The join Function in .NET Make pdf417 in .NET The join Function

5.4.5. The join Function use none none drawer toaccess none for none ISO QR Code standard The join fu none none nction joins the elements of an array into a single string and separates each element of the array with a given delimiter the opposite of split (see "The split Function" on page 110). It can be used after the split function has broken a string into array elements. The expression DELIMITER is the value of the delimiter that will separate the array elements.

The LIST consists of the array elements.. Format join(DELIMITER, LIST) Example 5.35. (The Script ) # Joining each elements of a list with colons 1 $name="Joe Blow"; $birth="11/12/86"; $address="10 Main St."; 2 print join(":", $name, $birth, $address ), "\n"; (Output) 2 Joe Blow:11/12/86:10 Main St..

Explanation 1. A string is assigned to a scalar. 2. The join none none function joins the three scalars, using a colon delimiter, and the new string is printed..

Example 5.36. (The Script none none ) # Joining each element of a list with a newline 1 @names=("Dan","Dee","Scotty","Liz","Tom"); 2 @names=join("\n", sort(@names)); 3 print @names,"\n"; (Output) 3 Dan Dee Liz Scotty Tom. Explanation 1. The array @names is assigned a list. 2. The join function will join each word in the list with a newline (\n) after the list has been sorted alphabetically..

3. The sorted list is printed with each element of the array on a line of its own. 5.4.6. The map Function The map fun none for none ction maps each of the values in an array to an expression or block, returning another array with the results of the mapping. This is easier to demonstrate in an example than to describe in words..

Format map EXPR, LIST; map {BLOCK} LIST; Example 5.37. (The Script ) # Mapping a list to an expression 1 @list=(0x53,0x77,0x65,0x64,0x65,0x6e,012); 2 @words = map chr, @list; 3 print @words; 4 @n = (2, 4, 6, 8); 5 @n = map $_ * 2 + 6, @n; 6 print "@n\n"; (Output) 3 Sweden 6 10 14 18 22. Explanation 1. The array @list consists of six hexadecimal numbers and one octal number. 2. The map none for none function maps each item in @list to its corresponding chr (character) value and returns a new list..

3. The new list is printed. Each numeric value was converted with the chr function to a character corresponding to its ASCII value.

. 4. The array @n consists of a list of integers. 5. The map function evaluates the expression for each element in the @n array and returns the new list to @n, resulting from the evaluation..

6. The results of the mapping are printed. Example 5.38. Code View: none for none (The Script) # Map using a block 1 open(FH, "datebook.master") or die; 2 @lines=<FH>; 3 @fields = map { split(":") } @lines; 4 foreach $field (@fields){ 5 print $field,"\n"; } (Output) 5 Sir Lancelot 837-835-8257 474 Camelot Boulevard, Bath, WY 28356 5/13/69 24500 Tommy Savage 408-724-0140 1222 Oxbow Court, Sunnyvale, CA 94087 5/19/66 34200 Yukio Takeshida 387-827-1095 13 Uno Lane, Asheville, NC 23556 7/1/29 57000 Vinh Tranh 438-910-7449 8235 Maple Street, Wilmington, VT 29085 9/23/63 68900. Explanation 1. The date none for none book.master file is opened for reading from the FH filehandle.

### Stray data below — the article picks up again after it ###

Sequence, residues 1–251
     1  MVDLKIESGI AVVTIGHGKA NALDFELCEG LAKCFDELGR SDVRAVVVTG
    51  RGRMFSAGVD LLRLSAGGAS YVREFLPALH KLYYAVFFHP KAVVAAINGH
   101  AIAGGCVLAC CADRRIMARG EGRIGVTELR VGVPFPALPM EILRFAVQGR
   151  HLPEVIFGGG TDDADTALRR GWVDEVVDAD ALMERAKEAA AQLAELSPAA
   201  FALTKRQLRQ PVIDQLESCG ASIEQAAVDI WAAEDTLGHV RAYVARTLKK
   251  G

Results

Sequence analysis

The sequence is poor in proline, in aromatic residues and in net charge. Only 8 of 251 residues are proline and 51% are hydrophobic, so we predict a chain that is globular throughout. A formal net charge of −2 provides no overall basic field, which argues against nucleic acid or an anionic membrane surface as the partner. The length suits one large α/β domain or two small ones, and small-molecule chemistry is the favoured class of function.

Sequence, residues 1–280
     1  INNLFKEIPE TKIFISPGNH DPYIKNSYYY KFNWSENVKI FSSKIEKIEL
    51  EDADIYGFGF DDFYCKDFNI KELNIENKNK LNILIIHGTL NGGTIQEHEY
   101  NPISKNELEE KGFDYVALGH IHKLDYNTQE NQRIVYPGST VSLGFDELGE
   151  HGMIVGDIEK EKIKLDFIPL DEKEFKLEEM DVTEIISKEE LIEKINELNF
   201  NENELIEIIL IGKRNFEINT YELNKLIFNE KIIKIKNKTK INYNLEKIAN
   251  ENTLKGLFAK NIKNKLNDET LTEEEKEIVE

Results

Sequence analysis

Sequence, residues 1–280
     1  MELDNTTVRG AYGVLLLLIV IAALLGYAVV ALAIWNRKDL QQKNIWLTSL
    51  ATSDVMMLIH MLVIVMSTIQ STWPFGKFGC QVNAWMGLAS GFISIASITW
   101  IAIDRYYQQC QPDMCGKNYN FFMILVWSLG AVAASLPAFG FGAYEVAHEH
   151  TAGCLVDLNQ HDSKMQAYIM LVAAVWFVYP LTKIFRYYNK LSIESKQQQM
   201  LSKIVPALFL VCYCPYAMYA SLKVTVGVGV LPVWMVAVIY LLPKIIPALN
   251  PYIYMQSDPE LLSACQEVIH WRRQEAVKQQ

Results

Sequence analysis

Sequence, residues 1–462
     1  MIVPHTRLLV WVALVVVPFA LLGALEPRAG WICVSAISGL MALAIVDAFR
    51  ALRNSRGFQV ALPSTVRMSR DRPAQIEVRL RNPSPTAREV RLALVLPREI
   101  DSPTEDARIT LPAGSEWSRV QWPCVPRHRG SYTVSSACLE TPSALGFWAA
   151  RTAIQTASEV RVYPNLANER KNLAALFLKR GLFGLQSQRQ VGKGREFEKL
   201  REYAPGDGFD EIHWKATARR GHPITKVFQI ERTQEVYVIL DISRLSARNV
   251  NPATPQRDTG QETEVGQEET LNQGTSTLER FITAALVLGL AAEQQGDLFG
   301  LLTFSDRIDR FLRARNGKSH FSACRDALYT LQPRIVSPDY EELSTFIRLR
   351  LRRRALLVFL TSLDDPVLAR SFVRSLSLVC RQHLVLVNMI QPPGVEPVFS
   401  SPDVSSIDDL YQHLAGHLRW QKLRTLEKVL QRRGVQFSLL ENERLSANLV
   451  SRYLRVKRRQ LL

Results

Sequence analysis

Each line consists of colonseparated fields terminated by a newline.. 2. The cont ents of the file are read and assigned to @lines. Each line of the file is an element of the array.

. 3. The map none none function uses the block format. The split function splits up the array at colons, resulting in a list where each field becomes an element of the array.

. 4. The foreach loop iterates through the array, assigning each element, in turn, to $field. 5. The disp none for none lay demonstrates the results of the mapping. Before mapping, the line was: Sir Lancelot:837835-8257:474 Camelot Boulevard, Bath, WY 28356:5/13/69:24500.

5.4.7. The pack and unpack Functions The pack an none none d unpack functions have a number of uses. These functions are used to pack a list into a binary structure and then expand the packed values back into a list. When working with files, you can use these functions to create uuencoded files, relational databases, and binary files.

The pack function converts a list into a scalar value that may be stored in machine memory. The TEMPLATE is used to specify the type of character and how many characters will be formatted. For example, the string c4, or cccc, packs a list into 4 unsigned characters, and a14 packs a list into a 14-byte ASCII string, null padded.

The unpack function converts a binary formatted string into a list, and puts a string back into Perl format.. Table 5.2. The Template pack and unpack Types and Values Template a A b B c C d f h H i I l L n N p P q Q s S u v V Description An ASCII string (null padded) An ASCII string (space padded) A bit string (low-to-high order, like vec) A bit string (high-to-low order) A signed char value An unsigned char value A double-precision float in the native format A single-precision float in the native format A hexadecimal string (low nybble first, to high) A hexadecimal string (high nybble first) A signed integer An unsigned integer A signed long value An unsigned long value A short in "network" (big-endian) order A long in "network" (big-endian) order A pointer to a null-terminated string A pointer to a structure (fixed-length string) A signed 64-bit value An unsigned 64-bit value A signed short value (16-bit) An unsigned short value (16-bit) A uuencoded string A short in "VAX" (little-endian) order A long in "VAX" (little-endian) order.

Template w x X @. Description A BER compressed unsigned integer in base 128, high bit first A null byte Back up a byte Null fill to absolute position.
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